* This is an internal function. Users should use `sol_alloc_object` instead.
*/
sol_object_t *_sol_gc_alloc_object(sol_state_t *state) {
sol_object_t *res = malloc(sizeof(sol_object_t));
if(!res) {
@ -14,6 +19,11 @@ sol_object_t *_sol_gc_alloc_object(sol_state_t *state) {
return sol_incref(res);
}
/** Frees a reference to an object.
*
* This is an internal function. Users should use `sol_obj_free` instead.
*/
void _sol_gc_obj_free(sol_object_t *obj) {
if(!obj) {
printf("WARNING: Attempt to free NULL\n");
@ -28,6 +38,17 @@ void _sol_gc_obj_free(sol_object_t *obj) {
}
}
/** Increments the reference count of an object, and return it.
*
* This function is exactly an identity function, but it increments the
* object's reference count.
*
* It is intended for use in places where a function is required, such as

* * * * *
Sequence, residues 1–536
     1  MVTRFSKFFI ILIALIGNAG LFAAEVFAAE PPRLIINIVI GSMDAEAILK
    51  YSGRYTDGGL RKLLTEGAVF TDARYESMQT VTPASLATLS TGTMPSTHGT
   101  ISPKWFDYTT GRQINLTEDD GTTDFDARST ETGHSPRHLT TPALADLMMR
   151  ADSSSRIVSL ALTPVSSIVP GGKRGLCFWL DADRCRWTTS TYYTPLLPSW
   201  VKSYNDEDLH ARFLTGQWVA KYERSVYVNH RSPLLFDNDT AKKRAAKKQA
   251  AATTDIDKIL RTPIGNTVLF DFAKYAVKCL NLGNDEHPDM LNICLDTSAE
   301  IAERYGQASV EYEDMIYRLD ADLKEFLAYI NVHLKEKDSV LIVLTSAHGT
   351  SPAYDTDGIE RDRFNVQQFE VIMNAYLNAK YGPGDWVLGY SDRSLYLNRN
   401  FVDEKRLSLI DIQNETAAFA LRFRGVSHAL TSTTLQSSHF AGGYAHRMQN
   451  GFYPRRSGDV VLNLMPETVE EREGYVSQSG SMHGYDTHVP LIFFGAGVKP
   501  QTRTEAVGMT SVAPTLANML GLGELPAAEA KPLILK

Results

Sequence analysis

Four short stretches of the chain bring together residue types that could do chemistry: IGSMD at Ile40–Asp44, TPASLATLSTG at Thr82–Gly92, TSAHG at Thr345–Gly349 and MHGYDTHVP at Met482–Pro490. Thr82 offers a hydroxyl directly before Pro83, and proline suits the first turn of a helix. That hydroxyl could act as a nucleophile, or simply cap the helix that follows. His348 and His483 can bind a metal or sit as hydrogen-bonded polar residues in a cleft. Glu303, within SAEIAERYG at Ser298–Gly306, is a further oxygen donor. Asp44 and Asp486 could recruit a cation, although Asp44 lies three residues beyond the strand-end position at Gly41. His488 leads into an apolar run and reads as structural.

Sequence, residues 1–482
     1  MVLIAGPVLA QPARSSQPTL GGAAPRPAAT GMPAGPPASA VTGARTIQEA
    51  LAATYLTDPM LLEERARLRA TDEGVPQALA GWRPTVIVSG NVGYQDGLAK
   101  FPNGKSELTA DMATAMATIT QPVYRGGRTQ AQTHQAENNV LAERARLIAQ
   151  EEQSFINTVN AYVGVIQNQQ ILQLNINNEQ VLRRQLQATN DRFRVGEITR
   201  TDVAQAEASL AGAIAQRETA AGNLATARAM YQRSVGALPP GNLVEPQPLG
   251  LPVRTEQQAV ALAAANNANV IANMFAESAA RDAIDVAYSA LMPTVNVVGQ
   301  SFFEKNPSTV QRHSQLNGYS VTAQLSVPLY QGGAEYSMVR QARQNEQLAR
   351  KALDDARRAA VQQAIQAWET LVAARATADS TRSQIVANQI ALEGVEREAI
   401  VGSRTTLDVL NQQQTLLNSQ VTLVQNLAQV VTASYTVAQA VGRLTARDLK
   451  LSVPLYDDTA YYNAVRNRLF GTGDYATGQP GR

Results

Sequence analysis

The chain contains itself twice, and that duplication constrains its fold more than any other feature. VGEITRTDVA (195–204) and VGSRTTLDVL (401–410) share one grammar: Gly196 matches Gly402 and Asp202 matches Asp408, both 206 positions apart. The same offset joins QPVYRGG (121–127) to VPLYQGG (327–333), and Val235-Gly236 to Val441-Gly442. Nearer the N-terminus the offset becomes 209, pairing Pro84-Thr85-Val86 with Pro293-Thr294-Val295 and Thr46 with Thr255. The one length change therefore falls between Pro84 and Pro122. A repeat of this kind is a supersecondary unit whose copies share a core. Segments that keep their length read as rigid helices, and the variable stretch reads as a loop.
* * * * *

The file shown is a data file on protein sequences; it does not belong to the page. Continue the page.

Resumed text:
* assigning to a function pointer.
*
* Users with the ability to should use `sol_incref` instead.
*/
sol_object_t *sol_obj_acquire(sol_object_t *obj) {
return sol_incref(obj);
}
@ -107,14 +128,36 @@ void _sol_gc_dsl_destructor(sol_object_t *obj) {
#else
/** Allocates and returns a new reference to a typeless object.
*
* This function is intended to be called from object constructors that will
* ultimately set the type and operations on the object.
*
* The returned reference is initially the only reference to this object.
*/
sol_object_t *sol_alloc_object(sol_state_t *state) {
return _sol_gc_alloc_object(state);
}
/** Frees a reference to an object.
*
* If the given reference is the last reference to this object, the memory is
* freed, after any type-specific destructors are called.
*/
void sol_obj_free(sol_object_t *obj) {
_sol_gc_obj_free(obj);
}
/** Destroys an object.
*
* This function is called on an object whose last reference has been freed; it
* is responsible for implementing the destructor protocol (and so calling the
* necessary methods). In general, it should not be used by user code, as it
* may introduce use-after-free.
*/
void sol_obj_release(sol_object_t *obj) {
if(obj->ops->free) {